A recent walk through the halls of the historic Jefferson School — now the Jefferson School African American Heritage Center— left me sorely disappointed. One would think that in February, the one time when many communities’ schools, organizations and institutions celebrate and honor Black History Month — the tenants of this historic building would make a point of showing the community that they care about the past and present contributions of African-Americans to our country’s greatness.
Of all the locations in the Charlottesville community, the Jefferson School African American Heritage Center, is one place that I (and perhaps many others) expected to see an array of cultural displays — including artifacts, visual images and programming that show an appreciation of Black History Month.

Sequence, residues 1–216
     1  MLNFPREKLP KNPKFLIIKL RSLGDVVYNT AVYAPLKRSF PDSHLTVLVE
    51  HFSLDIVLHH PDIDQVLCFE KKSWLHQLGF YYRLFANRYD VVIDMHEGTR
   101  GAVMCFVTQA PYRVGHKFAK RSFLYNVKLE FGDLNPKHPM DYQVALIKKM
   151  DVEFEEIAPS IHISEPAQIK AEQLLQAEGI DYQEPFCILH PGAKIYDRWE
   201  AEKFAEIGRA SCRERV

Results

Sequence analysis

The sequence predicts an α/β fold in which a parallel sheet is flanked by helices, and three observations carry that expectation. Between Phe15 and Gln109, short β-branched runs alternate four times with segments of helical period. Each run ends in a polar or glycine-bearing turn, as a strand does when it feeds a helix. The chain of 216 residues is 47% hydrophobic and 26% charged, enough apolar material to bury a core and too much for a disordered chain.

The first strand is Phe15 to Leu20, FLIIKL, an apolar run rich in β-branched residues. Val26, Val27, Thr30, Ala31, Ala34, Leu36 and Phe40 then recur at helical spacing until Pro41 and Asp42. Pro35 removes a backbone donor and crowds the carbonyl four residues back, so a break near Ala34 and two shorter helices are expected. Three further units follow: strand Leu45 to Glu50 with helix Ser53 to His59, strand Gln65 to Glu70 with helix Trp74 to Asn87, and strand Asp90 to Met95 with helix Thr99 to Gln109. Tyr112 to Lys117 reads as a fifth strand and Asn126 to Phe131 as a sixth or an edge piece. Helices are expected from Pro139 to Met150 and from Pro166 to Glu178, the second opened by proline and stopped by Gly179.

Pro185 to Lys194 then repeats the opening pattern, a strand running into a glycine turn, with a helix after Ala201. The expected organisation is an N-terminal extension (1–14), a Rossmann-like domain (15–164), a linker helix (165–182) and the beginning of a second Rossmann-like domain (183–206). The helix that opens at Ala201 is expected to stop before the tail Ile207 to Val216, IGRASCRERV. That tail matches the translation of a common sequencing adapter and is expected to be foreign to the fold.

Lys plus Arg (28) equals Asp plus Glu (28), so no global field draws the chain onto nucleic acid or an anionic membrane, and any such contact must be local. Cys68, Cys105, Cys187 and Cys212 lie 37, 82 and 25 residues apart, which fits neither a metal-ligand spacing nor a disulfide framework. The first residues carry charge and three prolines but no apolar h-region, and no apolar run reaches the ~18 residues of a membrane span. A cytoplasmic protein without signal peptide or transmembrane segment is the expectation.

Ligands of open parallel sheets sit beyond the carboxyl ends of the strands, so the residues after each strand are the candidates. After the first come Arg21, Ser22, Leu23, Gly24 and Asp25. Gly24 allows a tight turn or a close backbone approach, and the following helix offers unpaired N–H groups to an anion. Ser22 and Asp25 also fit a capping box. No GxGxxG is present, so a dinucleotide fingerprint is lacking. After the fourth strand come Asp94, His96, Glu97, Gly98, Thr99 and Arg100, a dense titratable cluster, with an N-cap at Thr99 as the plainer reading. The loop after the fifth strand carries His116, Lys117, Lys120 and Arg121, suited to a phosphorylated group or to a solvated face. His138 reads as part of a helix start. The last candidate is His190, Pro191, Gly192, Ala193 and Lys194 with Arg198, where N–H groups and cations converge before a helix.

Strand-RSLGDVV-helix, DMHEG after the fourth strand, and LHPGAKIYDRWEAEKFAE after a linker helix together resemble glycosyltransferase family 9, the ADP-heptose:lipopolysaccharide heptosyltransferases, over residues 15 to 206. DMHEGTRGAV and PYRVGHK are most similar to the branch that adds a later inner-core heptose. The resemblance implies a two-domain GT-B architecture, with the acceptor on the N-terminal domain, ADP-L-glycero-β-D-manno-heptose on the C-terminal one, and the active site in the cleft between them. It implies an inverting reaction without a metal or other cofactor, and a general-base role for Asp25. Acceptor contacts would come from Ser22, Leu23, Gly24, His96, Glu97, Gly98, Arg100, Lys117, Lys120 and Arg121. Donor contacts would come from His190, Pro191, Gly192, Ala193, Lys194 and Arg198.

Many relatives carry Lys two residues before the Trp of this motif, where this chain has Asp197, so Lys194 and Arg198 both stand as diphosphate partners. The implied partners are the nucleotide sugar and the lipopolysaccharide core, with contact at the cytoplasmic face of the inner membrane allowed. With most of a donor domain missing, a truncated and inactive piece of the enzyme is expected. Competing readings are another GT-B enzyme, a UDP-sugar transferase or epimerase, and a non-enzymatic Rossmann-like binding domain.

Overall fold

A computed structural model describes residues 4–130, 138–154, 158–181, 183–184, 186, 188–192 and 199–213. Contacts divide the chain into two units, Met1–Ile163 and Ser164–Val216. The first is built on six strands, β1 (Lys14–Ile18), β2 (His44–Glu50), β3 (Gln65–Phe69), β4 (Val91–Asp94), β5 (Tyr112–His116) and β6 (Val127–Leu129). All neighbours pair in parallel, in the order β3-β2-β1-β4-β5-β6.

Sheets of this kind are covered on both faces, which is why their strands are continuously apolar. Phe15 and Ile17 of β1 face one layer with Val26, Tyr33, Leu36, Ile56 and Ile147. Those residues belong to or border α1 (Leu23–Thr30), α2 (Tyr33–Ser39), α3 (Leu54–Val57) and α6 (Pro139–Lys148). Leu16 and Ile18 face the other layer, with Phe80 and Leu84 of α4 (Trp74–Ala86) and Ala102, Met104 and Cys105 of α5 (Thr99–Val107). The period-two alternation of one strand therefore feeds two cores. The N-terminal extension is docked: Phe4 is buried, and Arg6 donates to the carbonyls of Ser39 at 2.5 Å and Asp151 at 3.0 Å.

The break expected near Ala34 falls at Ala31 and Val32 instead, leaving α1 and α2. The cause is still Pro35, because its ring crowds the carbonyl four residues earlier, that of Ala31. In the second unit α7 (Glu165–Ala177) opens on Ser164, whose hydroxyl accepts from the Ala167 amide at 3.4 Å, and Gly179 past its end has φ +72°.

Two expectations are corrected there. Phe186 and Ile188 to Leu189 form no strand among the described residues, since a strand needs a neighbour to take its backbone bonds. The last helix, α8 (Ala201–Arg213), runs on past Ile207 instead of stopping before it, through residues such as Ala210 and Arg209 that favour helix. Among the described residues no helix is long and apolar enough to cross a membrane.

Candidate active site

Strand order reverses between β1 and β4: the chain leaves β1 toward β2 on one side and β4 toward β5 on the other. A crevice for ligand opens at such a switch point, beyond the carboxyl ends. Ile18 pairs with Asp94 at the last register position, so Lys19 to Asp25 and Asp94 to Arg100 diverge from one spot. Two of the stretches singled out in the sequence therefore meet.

I also took the opportunity to visit City Hall, the Discovery Museum and the Charlottesville Albemarle Visitors Center to compare how these prominent places honored Black History Month. Again, I was disappointed to find that they featured no activities for this purpose.
When we celebrate black history with visible cultural reminders, we contribute to the education of our entire community — especially our children. Seeing themselves reflected on the walls and in the hallways of the city’s prominent buildings tells impressionable young black children that they are special, while giving all children (and adults as well) an opportunity to learn about a past and a people who played important though often overlooked roles in building America.
Charlottesville is a city that takes pride in having informed, conscientious and progressive leadership. I am disappointed that leaders of the various programs in the buildings I visited hadn’t come together to organize events, displays and programs in recognition of Black History Month. One tenant I spoke with expressed appreciation for the reminder and swore to do better next year. Hopefully, this conviction will spread throughout the building and the city.
M. Rick Turner
M. Rick Turner is president of the Albemarle-Charlottesville NAACP.